Please note: The answers to the Frequently Asked Questions are for general information purposes only. For more specific information, please refer to your member handbook or contact the customer service number located on the back of your insurance carrier ID card.
How many employees do I need before I am able to offer a group health insurance plan?
You must have a minimum of 2 employees or owners to qualify for a group health plan. These 2 people may be:
- Employer and Employee
- Two Partners
- Two Officers of a Corporation.
If you have employees, you will need to provide a copy of your most recent state quarterly wage report. This will be used to verify eligible employees. For partnerships or corporations, you will need a business license, articles of incorporation or other documents that can verify the legitimacy of your business and the participation of all people to be covered under the group health plan.
What other guidelines must an employer meet in order to offer group health insurance?
- The employer must contribute at least 50% of the employee only premium. The employer retains the option to contribute towards the premium for dependents.
- Usually, 75% percent of all eligible employees must enroll under the group plan (Depending on the number of employees).
- An 'Eligible Employee' is generally defined as any employee that works 25 or more hours per week for the employer, earning minimum wage, and paid via W-2. Employers have the option to define eligibility, as long as they are in compliance with federal and insurance carrier laws. If an employee is already covered under another health plan, they may be exempt from the 75% minimum participation guideline.
- Employees may not be denied access to a group health plan due to pre-existing conditions.
Do I have to offer COBRA to terminating employees or their dependents?
COBRA requires that group health plans sponsored by employers with 20 or more employees (includes full and part-time) in the prior year, offer employees and their families the opportunity for a temporary extension of health coverage. Group health coverage can be extended for 18, 29 or 36 months depending on the qualifying event.
For additional information about COBRA requirements and other Department of Labor (DOL) regulations, refer to www.dol.gov
I have an employee out on disability. How long am I required to keep him/her on the health insurance policy?
An ineligible employee is defined as one out on Long-Term Disability, someone who has not worked for six months due to illness or injury or three months due to leave of absence, or an employee not scheduled to return to work.
What qualifies as creditable coverage?
Creditable coverage, as defined under federal HIPAA guidelines, is considered as: group health plan coverage (including a governmental or church plan), group or individual health insurance coverage, Medicare, Medicaid, military-sponsored health care (CHAMPUS), a program of the Indian Health Service, a state health benefits risk pool, the FEHBP, a public health plan as defined in the federal HIPAA regulations, and any health benefits plan under section 5(e) of the Peace Corps Act. Not included as creditable coverage is any coverage that is exempt from the law; for example, dental-only coverage, or dental coverage that is provided in a separate policy or even in the same policy as medical, if such coverage is separately elected and results in additional premium.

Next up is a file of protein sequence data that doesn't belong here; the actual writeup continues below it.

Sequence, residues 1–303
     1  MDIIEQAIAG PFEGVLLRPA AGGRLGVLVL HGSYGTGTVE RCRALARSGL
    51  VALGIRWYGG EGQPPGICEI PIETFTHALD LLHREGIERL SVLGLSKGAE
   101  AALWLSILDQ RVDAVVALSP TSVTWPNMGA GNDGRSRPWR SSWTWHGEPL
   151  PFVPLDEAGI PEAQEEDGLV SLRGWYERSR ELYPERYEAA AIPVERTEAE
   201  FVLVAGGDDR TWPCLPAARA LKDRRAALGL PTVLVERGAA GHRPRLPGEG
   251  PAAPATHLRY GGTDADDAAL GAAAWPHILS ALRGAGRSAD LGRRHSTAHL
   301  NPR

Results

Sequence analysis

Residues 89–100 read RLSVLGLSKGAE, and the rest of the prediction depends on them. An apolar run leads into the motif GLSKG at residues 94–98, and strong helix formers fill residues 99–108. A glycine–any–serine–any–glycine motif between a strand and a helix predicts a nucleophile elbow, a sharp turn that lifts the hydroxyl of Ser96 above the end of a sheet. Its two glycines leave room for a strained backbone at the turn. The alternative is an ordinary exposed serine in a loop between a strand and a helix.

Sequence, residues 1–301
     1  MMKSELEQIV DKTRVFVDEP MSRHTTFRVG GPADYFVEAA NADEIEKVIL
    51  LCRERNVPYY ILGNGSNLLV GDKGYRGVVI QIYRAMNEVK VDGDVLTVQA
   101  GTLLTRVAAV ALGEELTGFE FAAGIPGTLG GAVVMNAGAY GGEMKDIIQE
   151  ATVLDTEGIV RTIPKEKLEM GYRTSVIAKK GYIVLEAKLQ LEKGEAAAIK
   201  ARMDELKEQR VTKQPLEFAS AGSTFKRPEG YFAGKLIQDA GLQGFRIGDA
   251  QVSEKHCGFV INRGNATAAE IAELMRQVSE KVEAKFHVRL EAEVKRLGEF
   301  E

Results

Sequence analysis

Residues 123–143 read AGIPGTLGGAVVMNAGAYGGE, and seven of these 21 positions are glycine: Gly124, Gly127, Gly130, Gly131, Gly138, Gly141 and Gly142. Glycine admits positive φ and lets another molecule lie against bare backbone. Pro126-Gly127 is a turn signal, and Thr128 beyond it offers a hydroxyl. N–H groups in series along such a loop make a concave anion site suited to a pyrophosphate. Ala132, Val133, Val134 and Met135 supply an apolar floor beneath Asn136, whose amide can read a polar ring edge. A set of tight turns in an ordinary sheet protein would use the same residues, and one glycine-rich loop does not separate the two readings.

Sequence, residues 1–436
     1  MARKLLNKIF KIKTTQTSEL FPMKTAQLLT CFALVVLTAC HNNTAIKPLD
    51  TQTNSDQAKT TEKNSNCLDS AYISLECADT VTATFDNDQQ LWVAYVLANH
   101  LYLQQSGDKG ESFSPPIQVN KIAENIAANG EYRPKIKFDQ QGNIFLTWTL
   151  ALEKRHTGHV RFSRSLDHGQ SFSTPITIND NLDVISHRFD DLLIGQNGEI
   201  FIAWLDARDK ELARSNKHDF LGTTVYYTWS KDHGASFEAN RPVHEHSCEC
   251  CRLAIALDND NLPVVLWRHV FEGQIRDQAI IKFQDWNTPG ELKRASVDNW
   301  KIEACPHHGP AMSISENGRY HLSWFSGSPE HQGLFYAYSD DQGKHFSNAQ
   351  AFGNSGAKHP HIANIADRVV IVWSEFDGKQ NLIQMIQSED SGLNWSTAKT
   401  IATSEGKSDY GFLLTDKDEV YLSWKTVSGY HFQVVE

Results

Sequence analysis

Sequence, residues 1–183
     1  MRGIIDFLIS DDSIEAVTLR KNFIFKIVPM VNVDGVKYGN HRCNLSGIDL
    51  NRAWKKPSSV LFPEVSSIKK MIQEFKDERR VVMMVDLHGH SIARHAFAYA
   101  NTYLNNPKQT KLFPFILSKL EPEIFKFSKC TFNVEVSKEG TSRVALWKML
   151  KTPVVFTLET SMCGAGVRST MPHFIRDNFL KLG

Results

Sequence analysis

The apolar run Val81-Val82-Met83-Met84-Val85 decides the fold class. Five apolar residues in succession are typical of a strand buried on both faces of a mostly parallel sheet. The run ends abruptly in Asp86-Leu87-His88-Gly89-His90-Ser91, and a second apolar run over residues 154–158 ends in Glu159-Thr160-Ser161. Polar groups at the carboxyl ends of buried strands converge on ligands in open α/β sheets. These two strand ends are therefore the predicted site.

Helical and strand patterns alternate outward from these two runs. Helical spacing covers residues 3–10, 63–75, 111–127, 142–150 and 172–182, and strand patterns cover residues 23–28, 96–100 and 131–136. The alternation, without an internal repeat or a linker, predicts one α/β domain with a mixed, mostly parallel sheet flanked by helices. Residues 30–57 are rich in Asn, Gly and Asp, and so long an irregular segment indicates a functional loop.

How does an employer or insurance carrier know that an employee had prior group coverage?
The employee must provide proof of prior creditable coverage by presenting a Certification of Prior Group Health Plan Coverage, or other acceptable means of proof. This documentation can be obtained by contacting the former employer and/ or insurance carrier.
What is the difference between a referral and pre-authorization?
A plan participating PCP will issue a referral to a participating specialist when a covered member needs specialist care. Pre-authorization is when the health plan's medical care management department has given authorization to a provider that a procedure or treatment is listed as a covered benefit and is deemed medically necessary. Pre-authorization does not guarantee payment.
What is a Section 125 Plan, and how does it work?
Section 125 Premium Only Plans reduce income tax liabilities for both the employer and employee. This is because IRS Section 125 allows employees to make special salary deduction elections to pay their portion of medical insurance premiums using pretax or tax-free dollars.
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- Employees save 22.65% to 40% of their pre-tax Section 125 premium deductions in just federal income taxes alone. The actual tax savings are on city, state, and federal income taxes, including Social Security and Medicare taxes on all money employees use to pay for their portion of insurance premiums. Under a Section 125 POP employees take-home pay is increased which helps reduce the high cost of providing health coverage for family members.
- Employers benefit by reducing the matching Social Security and Medicare taxes, and sometimes Federal and State unemployment taxes. Depending on the state, employers may also be eligible for worker's compensation savings.